My gang makes merry at the table acting like any group of teens. Looking at them, it is hard to believe that they are survivors – raised in extreme poverty, former garbage pickers who slept and scavenged all day and night for scraps to recycle in the burning refuse of Stung Meanchy, finding body parts and dead babies and seeing friends and family run over by dump trucks.
We are about to get a reminder. As the day winds to a close, Nghan and Layseng are heading home to Stung Meanchy for the weekend to spend it with their families. I am very close to both sets of their parents and I head home with them to pay my respects and visit. Nghan’s family had invited me to their eldest daughters wedding last month and I wasn’t able to attend. We park the Tuk Tuk on the outskirts of the village and walk into the smoky haze of ramshackle huts and garbage. Flies are thick and half dressed naked toddlers are everywhere. The village kids see us coming and quickly hoard us. It probably has something to do with the vitamin C lollipops Cher is handing out. We arrive first at Nghan’s house via a very uncertain wood “bridge”. Cher is treading carefully certain it is going to collapse beneath her. Nghan’s mother greets me warmly. In short order, we are inside his hut and looking at an album of wedding pictures. We spend some time catching up and then head over to Layseng’s house. On the way we run into other children I know and we greet them by name with hugs and kisses.
At Layseng’s house, her parents put out stools and I introduce them to my little sister. They are excited to meet her and we talk about the difficulties they are facing now that the government has closed Stung Meanchy to the garbage pickers. They have no way to make a living and no means by which to travel to the new garbage site 8 kilometers away. I leave them with my traditional gifts of noodles and fruit and they tell me they wish they could give me gifts in return. I remind them that they are part of my family and family takes care of each other. Their gift to me is far more important – being included in their family and having the love of their wonderful daughter Layseng in my life. We are saying our goodbyes and getting ready to leave as we are quickly losing the light when a little voice pips up “CHER! CHER!” We turn and little Shrey Leap is running at top speed. She jumps into Cher’s arms, thrilled to see her sponsor in her village. Cher is even more thrilled, grinning from ear to ear and kissing her. It turns out that not only does Shrey Leap live a few houses over, but she is Layseng’s little sister Jeni’s best friend. With this happy discovery, we detour over to her house to meet her parents, running into yet another little girl we know – Naïve –on the way. Naïve attends Aziza’s Place, Linna’s new school and has promised me she will be a big sister to Linna.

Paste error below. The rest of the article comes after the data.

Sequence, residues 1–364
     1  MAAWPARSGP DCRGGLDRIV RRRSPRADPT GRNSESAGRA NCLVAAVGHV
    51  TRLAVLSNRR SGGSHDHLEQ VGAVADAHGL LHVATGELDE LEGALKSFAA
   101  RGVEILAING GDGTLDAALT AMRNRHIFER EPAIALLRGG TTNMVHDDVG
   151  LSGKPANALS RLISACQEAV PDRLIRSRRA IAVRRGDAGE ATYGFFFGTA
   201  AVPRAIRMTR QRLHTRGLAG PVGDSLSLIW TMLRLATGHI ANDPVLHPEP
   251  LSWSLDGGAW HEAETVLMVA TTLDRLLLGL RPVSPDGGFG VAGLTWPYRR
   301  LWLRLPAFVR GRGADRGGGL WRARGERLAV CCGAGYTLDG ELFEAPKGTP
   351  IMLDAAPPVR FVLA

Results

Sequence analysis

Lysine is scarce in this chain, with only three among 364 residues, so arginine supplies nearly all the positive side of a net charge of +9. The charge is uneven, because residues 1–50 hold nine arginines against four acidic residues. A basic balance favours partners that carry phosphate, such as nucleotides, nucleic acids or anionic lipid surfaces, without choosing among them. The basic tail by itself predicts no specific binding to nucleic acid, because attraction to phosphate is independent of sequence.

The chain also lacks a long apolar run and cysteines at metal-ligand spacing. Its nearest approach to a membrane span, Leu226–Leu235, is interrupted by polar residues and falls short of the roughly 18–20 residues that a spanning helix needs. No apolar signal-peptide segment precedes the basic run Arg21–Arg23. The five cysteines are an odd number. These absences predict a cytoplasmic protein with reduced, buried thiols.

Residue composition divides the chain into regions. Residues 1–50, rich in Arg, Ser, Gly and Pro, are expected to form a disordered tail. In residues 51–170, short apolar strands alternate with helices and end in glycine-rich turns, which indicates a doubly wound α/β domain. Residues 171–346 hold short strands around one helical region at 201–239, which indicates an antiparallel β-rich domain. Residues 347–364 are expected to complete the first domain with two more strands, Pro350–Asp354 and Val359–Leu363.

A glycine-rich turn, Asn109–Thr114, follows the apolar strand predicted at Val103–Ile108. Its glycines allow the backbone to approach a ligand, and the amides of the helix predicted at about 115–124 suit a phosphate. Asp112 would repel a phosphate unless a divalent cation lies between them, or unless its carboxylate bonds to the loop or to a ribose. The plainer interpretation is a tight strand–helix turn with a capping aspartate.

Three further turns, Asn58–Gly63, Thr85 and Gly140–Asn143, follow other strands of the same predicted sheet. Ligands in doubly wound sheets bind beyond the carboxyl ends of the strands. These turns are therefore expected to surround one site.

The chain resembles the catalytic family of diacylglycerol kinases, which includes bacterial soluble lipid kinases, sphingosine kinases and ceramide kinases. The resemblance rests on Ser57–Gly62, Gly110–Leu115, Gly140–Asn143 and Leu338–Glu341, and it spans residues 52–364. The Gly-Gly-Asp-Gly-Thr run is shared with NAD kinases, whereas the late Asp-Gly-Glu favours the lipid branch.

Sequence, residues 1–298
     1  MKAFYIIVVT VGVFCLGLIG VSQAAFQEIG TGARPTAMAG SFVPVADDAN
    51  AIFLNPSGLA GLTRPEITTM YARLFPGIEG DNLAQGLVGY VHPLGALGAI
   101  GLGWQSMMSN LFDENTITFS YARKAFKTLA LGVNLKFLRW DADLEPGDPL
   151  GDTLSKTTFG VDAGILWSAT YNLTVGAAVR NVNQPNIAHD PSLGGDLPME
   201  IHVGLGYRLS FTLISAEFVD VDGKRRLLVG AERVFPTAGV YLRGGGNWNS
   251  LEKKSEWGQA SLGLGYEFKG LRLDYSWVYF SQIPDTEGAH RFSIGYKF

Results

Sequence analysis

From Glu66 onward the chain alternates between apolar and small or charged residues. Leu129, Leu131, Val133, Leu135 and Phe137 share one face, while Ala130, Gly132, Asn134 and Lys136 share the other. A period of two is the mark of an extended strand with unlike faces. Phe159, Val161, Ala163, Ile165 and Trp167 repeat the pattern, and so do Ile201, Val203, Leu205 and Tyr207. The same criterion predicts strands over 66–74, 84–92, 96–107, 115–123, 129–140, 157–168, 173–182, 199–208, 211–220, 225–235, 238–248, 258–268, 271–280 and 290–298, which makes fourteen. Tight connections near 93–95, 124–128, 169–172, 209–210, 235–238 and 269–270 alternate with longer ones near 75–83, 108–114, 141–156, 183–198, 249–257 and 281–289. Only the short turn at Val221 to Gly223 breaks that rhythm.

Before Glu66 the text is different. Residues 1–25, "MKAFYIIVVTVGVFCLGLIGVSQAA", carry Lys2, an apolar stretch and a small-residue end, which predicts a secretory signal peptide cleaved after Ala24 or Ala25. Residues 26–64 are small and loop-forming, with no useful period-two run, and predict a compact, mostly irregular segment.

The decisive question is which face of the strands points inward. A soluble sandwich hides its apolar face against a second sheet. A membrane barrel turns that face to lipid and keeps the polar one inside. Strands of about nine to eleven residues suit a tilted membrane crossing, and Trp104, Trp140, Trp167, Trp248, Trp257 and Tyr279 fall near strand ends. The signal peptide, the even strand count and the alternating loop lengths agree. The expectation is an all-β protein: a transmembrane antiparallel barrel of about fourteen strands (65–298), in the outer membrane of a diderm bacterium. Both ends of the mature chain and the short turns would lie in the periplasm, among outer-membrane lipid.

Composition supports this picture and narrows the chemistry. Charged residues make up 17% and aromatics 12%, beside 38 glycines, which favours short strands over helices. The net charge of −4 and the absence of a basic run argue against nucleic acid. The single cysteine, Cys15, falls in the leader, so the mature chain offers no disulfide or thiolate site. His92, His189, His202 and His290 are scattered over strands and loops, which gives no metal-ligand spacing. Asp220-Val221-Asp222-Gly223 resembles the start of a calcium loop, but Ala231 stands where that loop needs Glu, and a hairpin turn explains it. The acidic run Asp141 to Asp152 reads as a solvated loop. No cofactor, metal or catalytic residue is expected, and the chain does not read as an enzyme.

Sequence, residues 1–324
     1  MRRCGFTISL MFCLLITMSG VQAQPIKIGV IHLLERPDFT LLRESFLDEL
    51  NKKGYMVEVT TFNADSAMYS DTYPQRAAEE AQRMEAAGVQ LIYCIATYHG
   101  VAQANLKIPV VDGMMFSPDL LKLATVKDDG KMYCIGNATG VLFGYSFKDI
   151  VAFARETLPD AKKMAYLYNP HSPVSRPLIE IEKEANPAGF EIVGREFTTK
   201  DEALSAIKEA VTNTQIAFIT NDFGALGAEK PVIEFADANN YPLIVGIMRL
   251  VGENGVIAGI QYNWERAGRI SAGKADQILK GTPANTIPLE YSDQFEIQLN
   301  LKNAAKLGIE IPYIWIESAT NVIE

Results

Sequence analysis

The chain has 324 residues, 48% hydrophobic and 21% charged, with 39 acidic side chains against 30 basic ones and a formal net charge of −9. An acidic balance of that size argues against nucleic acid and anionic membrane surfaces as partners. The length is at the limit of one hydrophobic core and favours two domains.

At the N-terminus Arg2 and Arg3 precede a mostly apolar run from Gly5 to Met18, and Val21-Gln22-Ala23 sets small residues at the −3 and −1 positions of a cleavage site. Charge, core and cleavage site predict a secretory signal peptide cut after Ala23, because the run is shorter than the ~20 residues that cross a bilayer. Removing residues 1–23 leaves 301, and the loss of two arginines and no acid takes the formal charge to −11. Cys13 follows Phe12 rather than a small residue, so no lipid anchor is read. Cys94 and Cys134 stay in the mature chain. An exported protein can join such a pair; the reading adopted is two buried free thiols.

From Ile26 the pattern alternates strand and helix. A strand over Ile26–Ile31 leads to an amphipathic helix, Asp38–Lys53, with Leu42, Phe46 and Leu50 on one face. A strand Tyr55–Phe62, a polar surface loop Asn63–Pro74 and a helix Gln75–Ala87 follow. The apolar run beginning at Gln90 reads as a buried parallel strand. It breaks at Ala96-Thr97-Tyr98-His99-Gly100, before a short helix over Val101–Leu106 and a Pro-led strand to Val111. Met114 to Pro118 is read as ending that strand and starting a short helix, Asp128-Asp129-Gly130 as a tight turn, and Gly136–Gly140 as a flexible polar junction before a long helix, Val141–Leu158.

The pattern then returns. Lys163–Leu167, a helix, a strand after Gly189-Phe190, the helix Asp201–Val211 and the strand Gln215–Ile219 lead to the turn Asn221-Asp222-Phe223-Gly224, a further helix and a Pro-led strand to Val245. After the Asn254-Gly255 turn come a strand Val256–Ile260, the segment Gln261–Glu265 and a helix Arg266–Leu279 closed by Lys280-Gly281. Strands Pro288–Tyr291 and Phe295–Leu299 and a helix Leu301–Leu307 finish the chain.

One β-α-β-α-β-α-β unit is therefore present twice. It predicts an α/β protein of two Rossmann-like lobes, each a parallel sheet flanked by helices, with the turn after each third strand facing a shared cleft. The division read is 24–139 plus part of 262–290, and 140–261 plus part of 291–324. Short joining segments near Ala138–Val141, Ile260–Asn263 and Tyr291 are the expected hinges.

After meeting Shrey Leap’s family it is time to go. Nhagn and Layseng walk us back to our Tuk Tuk and we head back to the hotel feeling heavy hearted at leaving the kids behind. Early the next morning, we complete the round of goodbyes with Leakhena, Meng Ly, Lyda and Charam at CCF and promise again we will return in January.
With our first week behind us, we are happy, exhausted and feeling reflective. Already Cher is in love with Cambodia and the kids and we haven’t even gotten to Siem Reap yet, where little Sum Nang, the 5 year old boy in the crib with CP awaits our visit. We are getting ready to fall in love, all over again.
– Heather E. Connell
Visit the Small Voices website for photos from Heather’s travels.